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What do I expect during and after a court hearing for credit card lawsuit?

 
 
Reply Wed 21 Apr, 2010 10:57 pm
Can this still be negotiated by a debt settlement company?
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Type: Question • Score: 0 • Views: 4,857 • Replies: 2
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Philis
 
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Reply Thu 22 Apr, 2010 05:08 am
@Jeremiah,
The CCC could get a lean on your home.
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firefly
 
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Reply Thu 22 Apr, 2010 08:52 am
@Jeremiah,
Yes, you can still negotiate a settlement with them.

Quote:


Do credit card companies actually sue debtors?

In most cases, a credit card company may threaten to sue you if you've made no attempt to pay off bills. They may not actually sue you because it's quite expensive and time-consuming. However, if there is a cosigner on your credit card account, the credit card company may call the cosigner and try to recover payments rather than filing a lawsuit against you. Most often credit card companies transfer or sell off your debt to a collection agency that'll collect the payments from you. They may even agree to negotiate a settlement on your account.

Certain credit card companies are more prone to taking legal action when they feel that debtors are trying to escape their credit card payments. But if the Statute of Limitations on your debt account expires, you cannot be sued for credit card debts. The Statute of Limitations (SOL) varies from one state to another. Moreover, it is different for each type of debt account.

What happens if you are sued for credit card debts?
In case your debt account is well within the SOL, the credit card company can file a lawsuit. If they win, they'll get a judgment against you from the court. Through the judgment, the court orders you to pay off credit card bills. The judgment order gives your credit card company the right to garnish your wages in case you fail to repay your bills. However, there are some states such as Texas, which do not allow wage garnishment unless it is the only way out for a creditor to execute a judgment.

States which do not allow garnishment may seize your bank accounts (also joint accounts) and sell off non-exempt property or place a lien on your property. However, such states cannot initiate a forced sale of your primary residence. In community property states like Texas, if you are sued for credit card debts, your creditor can seize joint marital property or place a lien against it even though your spouse may not have her name on the debt account.

Being sued for credit card debts - How do you get out of it?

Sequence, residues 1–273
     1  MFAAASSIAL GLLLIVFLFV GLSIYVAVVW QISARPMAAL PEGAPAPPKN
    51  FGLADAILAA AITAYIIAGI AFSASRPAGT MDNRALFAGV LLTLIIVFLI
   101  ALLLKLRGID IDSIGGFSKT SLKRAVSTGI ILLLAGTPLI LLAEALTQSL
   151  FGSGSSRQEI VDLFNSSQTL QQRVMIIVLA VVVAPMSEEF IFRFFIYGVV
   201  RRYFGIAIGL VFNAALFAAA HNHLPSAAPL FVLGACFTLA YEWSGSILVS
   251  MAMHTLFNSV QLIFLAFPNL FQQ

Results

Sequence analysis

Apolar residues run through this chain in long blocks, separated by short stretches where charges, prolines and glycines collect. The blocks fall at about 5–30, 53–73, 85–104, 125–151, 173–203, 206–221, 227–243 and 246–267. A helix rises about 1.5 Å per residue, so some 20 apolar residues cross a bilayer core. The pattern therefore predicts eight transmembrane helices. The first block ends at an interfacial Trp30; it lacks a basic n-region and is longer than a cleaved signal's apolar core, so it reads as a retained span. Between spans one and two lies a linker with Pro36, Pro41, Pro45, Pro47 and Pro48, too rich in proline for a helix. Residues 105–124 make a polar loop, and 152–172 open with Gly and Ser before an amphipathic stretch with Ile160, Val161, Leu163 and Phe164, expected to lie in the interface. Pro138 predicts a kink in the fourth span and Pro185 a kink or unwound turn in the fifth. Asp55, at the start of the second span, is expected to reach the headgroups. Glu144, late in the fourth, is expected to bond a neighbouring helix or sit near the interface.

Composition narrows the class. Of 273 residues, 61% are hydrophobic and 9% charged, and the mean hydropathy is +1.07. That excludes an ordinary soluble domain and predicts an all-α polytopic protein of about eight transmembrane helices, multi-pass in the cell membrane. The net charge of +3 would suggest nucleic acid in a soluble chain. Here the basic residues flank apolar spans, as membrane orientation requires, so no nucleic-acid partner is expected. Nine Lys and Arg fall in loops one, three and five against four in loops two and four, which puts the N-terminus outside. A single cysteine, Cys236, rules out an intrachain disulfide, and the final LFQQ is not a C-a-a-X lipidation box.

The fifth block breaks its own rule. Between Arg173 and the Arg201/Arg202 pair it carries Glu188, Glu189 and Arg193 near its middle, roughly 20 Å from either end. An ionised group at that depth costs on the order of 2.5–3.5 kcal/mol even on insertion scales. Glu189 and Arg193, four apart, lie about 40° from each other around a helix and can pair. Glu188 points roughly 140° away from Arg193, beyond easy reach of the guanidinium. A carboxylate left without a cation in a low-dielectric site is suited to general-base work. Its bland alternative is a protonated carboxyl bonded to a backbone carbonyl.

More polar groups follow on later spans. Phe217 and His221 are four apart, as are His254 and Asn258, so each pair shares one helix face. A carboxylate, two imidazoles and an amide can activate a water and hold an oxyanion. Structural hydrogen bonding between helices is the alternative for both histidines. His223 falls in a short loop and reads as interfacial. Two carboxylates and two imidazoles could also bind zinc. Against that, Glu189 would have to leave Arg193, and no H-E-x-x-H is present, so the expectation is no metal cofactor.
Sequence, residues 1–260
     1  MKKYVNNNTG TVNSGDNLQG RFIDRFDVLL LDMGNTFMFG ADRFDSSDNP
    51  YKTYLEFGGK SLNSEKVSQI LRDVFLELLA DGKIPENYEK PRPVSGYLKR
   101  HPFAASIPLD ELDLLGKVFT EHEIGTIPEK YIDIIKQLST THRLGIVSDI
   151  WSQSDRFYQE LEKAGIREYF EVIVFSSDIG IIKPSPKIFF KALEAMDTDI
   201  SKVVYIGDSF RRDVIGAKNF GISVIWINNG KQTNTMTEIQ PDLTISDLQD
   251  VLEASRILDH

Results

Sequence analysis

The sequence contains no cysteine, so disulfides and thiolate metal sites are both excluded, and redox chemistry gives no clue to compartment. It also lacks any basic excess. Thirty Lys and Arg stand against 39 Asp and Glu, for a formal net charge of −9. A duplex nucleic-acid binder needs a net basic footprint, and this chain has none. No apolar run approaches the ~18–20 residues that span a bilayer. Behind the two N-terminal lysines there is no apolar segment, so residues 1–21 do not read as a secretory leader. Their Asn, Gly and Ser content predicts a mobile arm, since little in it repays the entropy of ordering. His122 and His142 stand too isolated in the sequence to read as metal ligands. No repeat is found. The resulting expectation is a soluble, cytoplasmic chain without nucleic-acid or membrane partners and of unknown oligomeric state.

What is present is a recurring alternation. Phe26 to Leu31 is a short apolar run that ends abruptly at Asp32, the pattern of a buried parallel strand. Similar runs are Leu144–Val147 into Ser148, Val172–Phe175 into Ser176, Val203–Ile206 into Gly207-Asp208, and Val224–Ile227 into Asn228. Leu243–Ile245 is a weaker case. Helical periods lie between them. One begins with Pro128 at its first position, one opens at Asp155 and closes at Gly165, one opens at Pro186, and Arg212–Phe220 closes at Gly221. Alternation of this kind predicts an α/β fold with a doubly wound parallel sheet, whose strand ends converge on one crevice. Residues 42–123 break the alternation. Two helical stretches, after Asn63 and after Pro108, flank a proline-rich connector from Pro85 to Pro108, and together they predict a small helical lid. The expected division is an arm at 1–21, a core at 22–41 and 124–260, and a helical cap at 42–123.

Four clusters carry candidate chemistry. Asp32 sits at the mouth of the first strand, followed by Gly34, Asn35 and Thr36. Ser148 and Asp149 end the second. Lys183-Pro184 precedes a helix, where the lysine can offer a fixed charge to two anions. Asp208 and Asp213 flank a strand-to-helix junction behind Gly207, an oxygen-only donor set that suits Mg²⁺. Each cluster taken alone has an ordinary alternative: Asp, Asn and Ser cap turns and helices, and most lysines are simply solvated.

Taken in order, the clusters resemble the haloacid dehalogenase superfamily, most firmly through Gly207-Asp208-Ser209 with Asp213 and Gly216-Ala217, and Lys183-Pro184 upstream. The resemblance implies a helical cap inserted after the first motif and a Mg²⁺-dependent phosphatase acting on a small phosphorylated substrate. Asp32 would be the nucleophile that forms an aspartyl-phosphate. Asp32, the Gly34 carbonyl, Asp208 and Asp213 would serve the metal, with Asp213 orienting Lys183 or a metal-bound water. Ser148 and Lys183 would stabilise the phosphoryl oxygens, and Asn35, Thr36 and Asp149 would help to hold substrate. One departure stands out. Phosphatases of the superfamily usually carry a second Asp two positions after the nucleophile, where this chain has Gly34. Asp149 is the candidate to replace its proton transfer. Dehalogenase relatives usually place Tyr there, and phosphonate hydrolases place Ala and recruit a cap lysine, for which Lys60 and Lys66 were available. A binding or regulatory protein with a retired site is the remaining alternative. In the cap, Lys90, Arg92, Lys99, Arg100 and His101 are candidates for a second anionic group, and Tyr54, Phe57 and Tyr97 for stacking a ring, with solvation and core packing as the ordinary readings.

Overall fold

Here's what you need to do when you're sued over credit card debts.

se SOL defense: If you're sued for unpaid credit card bills even after the SOL has expired, send an Expired SOL Notification Letter to the creditor stating that he cannot take a legal action against you because your account is well past the SOL. You will have to show proof of the SOL such as statements with the dates when your account has been in default and when you have been charged-off. Copies of your credit report showing the exact date of default will also serve as proof of the SOL.

Reply to court summons: If the SOL period hasn't expired and you're sued for credit card debts, then you would probably receive a court summons, which you need to reply within a certain time period. The duration for replying to a summons varies from state to state. For instance, in New York, the law gives you 20 days to answer the summons.

In order to answer the summons, you need to file a document (known as "Answer") with the court. In the "Answer", you can dispute the allegations brought about by your credit card company. You need to send a copy of the "Answer" to the attorney representing the creditor. The copy should be sent by Certified Mail with a Return Receipt Request.

When you reply to the summons, it prevents your creditor from getting a default judgment from the court. Moreover, replying to the summons gives you additional time to think about how to negotiate with your creditor and get out of debt faster.

Sued for credit card debts - how does it affect your credit?
When you're sued over credit card dues and receive a judgment order, it stays on your credit report for 7 years from the judgment filing date. This brings down your credit score by 50-100 points thereby making it difficult for you to qualify for credit (at least for the next 2-3 years) at favorable rates of interest. Moreover, if you do not pay the judgment amount, it can get even worse. Unpaid judgments are renewed for an indefinite period of time even if you do not have the funds to make payments. So, the best way to avoid such legal action is to negotiate an alternative payment plan or a debt settlement with your creditor.

When you're sued for credit card debts, you can request the court to arrange for a negotiation with your creditors. The judge may order the creditor to offer you an affordable payment plan so as to put the lawsuit on hold. This will give you the opportunity to pay as much as you can and creditors will not be able to continue with the lawsuit in court.

http://www.debtconsolidationcare.com/forums/about10629.html
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